White House notes federal employee compensation hasn’t kept pace with rising education levels or the private sector.
Federal employment would increase by 14,000 jobs under President Obama’s fiscal 2015 budget proposal.
The departments of Treasury and Veterans Affairs would net the largest staff increases, with an additional 7,400 and 2,200 employees, respectively. Obama would boost the Securities and Exchange Commission rolls by the largest percentage of any agency, up 12 percent to 4,700 total workers.
The Defense Department would shed the most employees under the proposal, cutting 6,300 civilian workers as part of a previously outlined plan to shrink the Pentagon’s footprint in the post-war era. Other potential losers include the Environmental Protection Agency, NASA and the General Services Administration, which would decrease their respective workforces by 1.3 percent, 1.7 percent and 3.2 percent under Obama’s recommendation.
The total number of federal employees -- including military personnel and U.S. Postal Service employees -- will actually shrink under the president’s proposed budget. Obama would cut 2,400 USPS jobs and slash uniformed military personnel by 92,000, meaning the total number of feds would decrease by more than 80,000 employees -- a 2 percent decrease.
The White House praised the federal workforce in additional budget documents released Monday, but decried what it called an “outdated personnel system.” The administration called for more flexibility in federal hiring, pitching an alternative system that allows the government to “compete for and reward top talent.”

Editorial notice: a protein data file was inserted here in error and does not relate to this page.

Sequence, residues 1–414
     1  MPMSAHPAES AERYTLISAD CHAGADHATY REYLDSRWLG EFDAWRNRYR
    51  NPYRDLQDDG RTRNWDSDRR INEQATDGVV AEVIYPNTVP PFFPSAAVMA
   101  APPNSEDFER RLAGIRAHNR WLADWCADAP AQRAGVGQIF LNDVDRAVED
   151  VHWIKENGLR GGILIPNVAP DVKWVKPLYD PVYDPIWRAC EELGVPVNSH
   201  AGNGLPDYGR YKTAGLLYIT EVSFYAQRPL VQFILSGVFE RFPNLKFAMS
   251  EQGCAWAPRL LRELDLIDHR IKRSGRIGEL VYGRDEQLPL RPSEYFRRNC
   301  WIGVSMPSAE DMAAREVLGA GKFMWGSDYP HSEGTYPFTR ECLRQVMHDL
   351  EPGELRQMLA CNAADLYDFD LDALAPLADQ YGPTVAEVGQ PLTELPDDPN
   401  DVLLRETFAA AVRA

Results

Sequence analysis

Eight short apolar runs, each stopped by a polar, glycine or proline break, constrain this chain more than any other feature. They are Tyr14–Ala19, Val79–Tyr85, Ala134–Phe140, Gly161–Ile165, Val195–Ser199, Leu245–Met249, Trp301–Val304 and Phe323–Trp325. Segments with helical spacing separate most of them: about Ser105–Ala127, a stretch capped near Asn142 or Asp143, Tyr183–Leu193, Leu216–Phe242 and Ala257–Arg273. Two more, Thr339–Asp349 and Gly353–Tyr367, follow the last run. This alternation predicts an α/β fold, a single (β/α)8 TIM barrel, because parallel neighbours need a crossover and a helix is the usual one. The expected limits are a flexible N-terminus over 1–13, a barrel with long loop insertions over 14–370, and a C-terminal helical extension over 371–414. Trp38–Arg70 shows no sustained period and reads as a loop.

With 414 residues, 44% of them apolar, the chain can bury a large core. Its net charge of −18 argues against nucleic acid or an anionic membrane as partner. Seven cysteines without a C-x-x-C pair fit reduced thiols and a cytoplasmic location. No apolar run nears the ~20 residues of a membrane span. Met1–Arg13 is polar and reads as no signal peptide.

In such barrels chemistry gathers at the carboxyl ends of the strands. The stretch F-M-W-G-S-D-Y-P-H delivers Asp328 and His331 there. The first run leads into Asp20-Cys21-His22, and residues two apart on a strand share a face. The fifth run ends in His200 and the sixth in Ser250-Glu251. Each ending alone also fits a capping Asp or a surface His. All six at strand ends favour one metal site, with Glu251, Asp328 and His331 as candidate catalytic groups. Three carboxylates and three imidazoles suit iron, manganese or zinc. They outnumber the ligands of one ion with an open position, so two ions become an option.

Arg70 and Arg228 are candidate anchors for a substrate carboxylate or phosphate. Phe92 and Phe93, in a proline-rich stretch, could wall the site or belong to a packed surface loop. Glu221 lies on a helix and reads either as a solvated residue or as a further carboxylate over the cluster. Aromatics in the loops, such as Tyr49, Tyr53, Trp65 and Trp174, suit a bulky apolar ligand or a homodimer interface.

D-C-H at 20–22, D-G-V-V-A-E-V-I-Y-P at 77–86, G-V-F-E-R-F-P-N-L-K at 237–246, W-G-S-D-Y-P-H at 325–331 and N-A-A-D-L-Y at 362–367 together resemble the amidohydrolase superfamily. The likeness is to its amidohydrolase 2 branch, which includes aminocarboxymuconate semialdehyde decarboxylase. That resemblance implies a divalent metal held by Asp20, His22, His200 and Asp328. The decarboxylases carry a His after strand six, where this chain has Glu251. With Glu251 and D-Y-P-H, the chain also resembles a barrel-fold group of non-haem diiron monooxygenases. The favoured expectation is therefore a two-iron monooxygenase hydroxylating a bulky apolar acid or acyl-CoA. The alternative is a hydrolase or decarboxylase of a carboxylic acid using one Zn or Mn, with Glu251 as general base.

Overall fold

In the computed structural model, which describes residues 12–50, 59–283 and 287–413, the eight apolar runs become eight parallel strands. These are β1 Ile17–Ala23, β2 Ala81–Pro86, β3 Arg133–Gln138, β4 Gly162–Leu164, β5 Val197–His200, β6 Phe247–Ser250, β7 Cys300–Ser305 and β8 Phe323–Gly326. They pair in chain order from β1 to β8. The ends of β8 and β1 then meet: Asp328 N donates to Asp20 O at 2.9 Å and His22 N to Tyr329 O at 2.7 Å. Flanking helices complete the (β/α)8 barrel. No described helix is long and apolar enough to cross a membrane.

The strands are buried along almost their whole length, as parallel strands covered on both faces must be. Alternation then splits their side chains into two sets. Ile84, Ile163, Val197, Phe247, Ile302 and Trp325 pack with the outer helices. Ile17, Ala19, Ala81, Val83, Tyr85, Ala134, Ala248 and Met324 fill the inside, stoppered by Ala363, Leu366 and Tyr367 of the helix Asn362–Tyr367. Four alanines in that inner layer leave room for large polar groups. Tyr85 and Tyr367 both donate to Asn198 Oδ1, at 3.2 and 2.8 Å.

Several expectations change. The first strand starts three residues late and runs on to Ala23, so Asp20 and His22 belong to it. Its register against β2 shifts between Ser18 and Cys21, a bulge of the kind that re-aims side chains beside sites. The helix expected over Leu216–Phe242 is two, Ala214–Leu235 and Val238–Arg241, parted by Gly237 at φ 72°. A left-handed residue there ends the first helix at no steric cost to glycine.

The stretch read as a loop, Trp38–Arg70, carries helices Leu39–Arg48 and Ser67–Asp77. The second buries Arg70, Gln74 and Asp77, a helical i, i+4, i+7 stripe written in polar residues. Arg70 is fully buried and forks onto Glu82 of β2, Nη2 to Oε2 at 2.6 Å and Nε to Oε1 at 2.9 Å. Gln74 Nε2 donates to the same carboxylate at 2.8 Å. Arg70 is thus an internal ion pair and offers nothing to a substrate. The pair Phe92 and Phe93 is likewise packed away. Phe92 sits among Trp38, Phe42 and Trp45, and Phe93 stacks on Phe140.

The documents demonstrated the federal workforce shrinking relative to the private sector over the last 40 years, and illustrated how federal employees have generally become better educated in recent decades. The White House noted the higher education levels should have corresponded to higher compensation relative to the private sector, but this has not happened.
The administration shouldered some of the blame for this trend, noting earnings for new federal employees has dropped by 10 percent relative to the private sector since Obama took office in 2009. The White House said it hoped the 1 percent pay raise feds received in 2014, as well as the proposed 1 percent raise for 2015, would help alleviate what has been a rough stretch for the workforce.
“The last few years have been challenging for the federal workforce,” the administration wrote in the budget documents. “Three years of a federal pay freeze, harmful sequester cuts, a 16-day shutdown of government, and a challenging political climate have made it increasingly difficult to deliver on agency missions. Yet, federal employees continue to persevere, continuing to serve the American people with passion, professionalism, and skill.”
Obama called for agencies to use resources like the Federal Employee Viewpoint Survey to adopt a more data-driven approach in improving employee morale and engagement. As outlined in his original budget proposal last week, he also pledged to reform the hiring process for members of the Senior Executive Service and establish new training initiatives.
In 2014, the administration will “build a stronger SES onboarding program so our leaders can more effectively transition into organizations, hit the ground running and understand the high standards that are expected of them from the beginning.”